FIG. 2 is a block diagram of a conventional high voltage generating circuit for a use in active mode in a semiconductor memory device. As shown in this drawing, the conventional active high voltage generating circuit includes an active kicker enable circuit 16, and pumping means 18 having an input terminal connected to an output terminal of the active kicker enable circuit 16. The pumping means 18 also has a voltage terminal for inputting a first (or internal) supply voltage which is used as the operating power supply for the chip. The pumping means 18 has an output terminal for outputting a second supply voltage or desired high voltage which is higher in level than the external supply voltage.

In operation, the active kicker enable circuit 16 generates a master clock signal at a frequency in accordance with the demands of the circuits in the semiconductor memory device which require a high voltage supply. The pumping means (charge pump) 18 boosts the voltage level of the first power supply signal to the voltage level of the second power supply signal in response to the master clock signal from the active kicker enable circuit 16. As a result, the circuit of FIG. 2 supplies a large amount of charge at a high voltage level to the semiconductor memory device in the active mode. The amount of charge supplied is determined in accordance with the demands of the semiconductor memory device.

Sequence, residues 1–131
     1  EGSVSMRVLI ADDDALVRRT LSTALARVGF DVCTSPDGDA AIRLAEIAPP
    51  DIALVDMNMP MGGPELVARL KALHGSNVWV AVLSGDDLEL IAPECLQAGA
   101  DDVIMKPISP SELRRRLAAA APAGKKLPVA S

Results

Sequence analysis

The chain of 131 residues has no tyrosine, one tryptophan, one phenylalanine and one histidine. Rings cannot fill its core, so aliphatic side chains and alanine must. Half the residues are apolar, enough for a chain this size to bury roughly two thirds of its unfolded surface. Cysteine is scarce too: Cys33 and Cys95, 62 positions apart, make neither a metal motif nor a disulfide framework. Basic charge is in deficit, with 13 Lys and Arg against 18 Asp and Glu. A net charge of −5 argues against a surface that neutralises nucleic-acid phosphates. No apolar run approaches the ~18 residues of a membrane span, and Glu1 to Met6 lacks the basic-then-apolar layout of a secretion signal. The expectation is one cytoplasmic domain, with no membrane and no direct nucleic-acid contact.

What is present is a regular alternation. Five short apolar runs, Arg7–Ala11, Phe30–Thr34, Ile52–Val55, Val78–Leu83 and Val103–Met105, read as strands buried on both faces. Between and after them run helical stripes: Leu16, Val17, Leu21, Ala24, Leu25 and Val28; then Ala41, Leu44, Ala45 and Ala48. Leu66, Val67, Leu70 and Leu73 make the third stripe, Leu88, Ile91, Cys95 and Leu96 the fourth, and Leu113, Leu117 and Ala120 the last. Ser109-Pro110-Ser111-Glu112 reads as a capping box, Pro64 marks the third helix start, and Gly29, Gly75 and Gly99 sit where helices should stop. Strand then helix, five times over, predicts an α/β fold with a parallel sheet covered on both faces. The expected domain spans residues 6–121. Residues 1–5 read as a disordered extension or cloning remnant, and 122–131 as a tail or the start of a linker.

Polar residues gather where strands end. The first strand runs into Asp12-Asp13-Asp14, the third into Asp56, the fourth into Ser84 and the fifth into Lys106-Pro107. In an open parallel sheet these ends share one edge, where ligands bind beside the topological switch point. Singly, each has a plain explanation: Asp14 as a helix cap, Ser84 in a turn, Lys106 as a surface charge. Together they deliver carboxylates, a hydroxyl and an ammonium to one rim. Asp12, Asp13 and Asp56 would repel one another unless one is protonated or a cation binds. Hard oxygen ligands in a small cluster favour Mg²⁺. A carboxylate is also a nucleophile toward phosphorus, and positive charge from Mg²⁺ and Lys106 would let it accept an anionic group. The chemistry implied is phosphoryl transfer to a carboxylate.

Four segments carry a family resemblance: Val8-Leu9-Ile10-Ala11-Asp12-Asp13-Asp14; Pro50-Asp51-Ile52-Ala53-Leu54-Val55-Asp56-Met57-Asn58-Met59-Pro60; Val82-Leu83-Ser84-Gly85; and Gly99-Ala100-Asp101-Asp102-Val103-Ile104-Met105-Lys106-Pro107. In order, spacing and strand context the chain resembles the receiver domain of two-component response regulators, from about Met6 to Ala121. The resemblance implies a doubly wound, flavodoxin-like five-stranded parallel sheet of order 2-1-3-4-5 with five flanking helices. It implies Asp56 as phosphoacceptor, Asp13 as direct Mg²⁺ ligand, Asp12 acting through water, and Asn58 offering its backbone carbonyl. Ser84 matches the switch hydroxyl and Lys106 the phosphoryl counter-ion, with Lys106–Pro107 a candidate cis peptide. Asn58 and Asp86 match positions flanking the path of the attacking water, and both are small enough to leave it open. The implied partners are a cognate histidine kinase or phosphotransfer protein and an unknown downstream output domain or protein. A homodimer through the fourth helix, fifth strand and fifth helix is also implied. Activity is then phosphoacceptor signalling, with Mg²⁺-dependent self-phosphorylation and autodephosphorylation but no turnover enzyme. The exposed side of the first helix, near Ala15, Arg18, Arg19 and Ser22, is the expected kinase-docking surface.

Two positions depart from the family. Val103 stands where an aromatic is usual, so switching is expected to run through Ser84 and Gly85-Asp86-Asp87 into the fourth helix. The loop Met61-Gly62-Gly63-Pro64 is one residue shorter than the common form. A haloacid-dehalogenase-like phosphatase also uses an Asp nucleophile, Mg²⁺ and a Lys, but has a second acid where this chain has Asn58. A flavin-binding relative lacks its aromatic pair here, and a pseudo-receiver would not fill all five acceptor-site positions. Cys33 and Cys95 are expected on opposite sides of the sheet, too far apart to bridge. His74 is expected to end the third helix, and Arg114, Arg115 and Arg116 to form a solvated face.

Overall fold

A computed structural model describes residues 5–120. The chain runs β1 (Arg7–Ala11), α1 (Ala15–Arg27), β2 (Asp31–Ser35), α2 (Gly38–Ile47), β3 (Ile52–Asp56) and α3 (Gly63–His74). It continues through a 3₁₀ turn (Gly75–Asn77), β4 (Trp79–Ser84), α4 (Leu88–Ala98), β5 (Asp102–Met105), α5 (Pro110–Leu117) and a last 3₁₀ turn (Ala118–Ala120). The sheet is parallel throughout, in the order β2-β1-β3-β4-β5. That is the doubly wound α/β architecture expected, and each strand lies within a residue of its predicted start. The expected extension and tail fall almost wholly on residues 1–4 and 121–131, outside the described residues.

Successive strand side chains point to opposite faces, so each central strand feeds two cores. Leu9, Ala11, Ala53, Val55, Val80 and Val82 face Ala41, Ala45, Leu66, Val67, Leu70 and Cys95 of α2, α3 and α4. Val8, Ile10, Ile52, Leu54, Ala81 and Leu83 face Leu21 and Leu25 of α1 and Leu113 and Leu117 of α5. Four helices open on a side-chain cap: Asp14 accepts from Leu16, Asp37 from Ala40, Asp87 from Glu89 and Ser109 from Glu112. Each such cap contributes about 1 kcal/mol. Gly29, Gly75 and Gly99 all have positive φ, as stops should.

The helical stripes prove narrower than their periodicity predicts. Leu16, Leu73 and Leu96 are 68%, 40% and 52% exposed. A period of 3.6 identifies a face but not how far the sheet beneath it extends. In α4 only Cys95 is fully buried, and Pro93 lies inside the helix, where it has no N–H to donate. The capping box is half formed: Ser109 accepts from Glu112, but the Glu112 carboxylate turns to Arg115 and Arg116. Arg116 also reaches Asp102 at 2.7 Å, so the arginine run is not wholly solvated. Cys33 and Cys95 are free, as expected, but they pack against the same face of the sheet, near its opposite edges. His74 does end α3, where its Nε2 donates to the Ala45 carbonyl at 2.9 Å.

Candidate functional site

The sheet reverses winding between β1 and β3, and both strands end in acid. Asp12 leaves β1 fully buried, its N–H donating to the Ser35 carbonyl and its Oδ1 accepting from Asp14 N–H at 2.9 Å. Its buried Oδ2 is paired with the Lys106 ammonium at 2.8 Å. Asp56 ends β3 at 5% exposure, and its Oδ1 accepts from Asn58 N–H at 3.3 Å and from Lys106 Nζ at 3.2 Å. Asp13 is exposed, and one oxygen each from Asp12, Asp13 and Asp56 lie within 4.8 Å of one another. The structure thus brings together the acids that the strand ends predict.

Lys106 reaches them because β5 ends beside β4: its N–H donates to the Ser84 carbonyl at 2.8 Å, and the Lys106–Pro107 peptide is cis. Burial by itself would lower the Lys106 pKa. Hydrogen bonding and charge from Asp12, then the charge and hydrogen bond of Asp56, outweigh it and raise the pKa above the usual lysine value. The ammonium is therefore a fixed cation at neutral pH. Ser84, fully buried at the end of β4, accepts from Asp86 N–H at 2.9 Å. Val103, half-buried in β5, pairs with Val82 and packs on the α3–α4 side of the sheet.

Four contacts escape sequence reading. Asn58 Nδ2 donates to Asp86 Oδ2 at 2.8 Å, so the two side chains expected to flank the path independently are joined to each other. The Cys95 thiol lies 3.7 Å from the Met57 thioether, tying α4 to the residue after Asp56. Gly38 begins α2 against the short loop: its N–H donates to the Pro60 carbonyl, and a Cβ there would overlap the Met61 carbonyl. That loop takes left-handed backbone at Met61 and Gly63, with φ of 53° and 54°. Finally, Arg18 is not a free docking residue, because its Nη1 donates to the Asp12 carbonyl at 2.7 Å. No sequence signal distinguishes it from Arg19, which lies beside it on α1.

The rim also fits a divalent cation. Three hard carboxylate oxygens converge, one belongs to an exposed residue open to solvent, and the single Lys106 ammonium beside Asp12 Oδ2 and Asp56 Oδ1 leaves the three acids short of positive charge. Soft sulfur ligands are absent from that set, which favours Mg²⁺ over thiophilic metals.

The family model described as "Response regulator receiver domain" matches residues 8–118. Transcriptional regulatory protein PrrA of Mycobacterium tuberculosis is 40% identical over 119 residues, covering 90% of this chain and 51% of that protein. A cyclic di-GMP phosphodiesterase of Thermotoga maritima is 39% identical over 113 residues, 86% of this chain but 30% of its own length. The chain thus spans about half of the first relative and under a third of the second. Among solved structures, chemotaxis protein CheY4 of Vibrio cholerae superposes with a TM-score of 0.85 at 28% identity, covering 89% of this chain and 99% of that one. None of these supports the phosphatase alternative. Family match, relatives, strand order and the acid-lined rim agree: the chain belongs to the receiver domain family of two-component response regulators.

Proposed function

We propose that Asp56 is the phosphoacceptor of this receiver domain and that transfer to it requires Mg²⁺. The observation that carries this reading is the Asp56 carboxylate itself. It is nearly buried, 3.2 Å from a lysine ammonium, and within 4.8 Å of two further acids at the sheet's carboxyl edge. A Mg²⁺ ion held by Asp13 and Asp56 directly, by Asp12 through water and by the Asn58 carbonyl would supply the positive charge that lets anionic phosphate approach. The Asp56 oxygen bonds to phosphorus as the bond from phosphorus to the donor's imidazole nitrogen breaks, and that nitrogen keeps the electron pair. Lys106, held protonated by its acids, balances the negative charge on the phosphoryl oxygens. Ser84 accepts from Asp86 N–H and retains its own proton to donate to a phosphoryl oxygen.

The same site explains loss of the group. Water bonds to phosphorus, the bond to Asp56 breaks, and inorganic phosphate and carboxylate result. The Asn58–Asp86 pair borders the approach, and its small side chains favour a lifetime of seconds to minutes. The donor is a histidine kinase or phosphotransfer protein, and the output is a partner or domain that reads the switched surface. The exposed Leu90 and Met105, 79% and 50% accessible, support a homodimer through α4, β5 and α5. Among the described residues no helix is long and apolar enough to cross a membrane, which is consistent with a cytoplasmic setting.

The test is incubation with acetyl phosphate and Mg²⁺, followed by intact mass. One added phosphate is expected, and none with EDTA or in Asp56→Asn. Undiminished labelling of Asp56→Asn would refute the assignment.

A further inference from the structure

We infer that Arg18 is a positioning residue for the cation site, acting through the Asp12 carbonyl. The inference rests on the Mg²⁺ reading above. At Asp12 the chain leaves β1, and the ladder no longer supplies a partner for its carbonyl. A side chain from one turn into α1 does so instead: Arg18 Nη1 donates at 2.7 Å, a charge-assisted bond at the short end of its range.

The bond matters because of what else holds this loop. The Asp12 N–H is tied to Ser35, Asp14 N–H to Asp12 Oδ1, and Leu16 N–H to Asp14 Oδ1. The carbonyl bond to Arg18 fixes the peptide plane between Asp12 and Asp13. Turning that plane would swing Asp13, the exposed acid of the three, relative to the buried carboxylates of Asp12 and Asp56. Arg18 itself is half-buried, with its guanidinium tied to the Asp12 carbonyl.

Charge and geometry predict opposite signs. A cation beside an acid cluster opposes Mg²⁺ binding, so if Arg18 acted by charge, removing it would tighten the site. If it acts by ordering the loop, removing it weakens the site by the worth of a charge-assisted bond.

The construction and operation of the prior art standby and active pumping generating circuits of FIGS. 1 and 2 are well-known, and thus will not be described further.

However, the prior art high voltage generating circuits have several disadvantages. First, since the amount of charge required in active mode is significantly greater than the amount required in standby mode, two separate circuits must be used to generate the high voltage power supply during the two separate modes of operation.

Second, the large capacity active high voltage generating circuit increases power supply noise because it is operated in response to one master clock which results in large amounts of charge being temporarily charged and discharged.

Third, the pumping means in the active high voltage generating circuit includes a large capacity capacitor for supplying large amounts of current. The charging and discharging of this capacitor reduces the pumping efficiency and reduces the level of integration of the semiconductor memory device.

Fourth, because the large capacitor is activated for pumping operation, the pumping time increases thereby resulting in a degradation of high speed operation.

SUMMARY OF THE INVENTION

It is therefore an object of the present invention to provide a high voltage generating circuit for a semiconductor memory device which is capable of operating in both standby and active modes.